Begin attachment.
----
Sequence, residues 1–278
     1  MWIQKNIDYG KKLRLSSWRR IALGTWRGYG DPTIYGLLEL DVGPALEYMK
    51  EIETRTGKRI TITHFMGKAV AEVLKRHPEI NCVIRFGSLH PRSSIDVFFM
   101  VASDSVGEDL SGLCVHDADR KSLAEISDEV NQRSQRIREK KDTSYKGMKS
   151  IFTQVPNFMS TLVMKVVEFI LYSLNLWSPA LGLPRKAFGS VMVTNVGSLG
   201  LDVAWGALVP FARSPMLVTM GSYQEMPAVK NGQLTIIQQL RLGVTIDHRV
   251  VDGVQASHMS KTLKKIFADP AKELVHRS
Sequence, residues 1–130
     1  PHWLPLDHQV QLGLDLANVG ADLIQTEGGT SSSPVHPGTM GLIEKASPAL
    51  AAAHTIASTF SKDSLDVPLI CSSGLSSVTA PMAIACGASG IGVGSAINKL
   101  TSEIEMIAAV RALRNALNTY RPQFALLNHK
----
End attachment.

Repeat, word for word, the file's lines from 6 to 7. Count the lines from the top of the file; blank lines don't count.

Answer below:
   201  LDVAWGALVP FARSPMLVTM GSYQEMPAVK NGQLTIIQQL RLGVTIDHRV
   251  VDGVQASHMS KTLKKIFADP AKELVHRS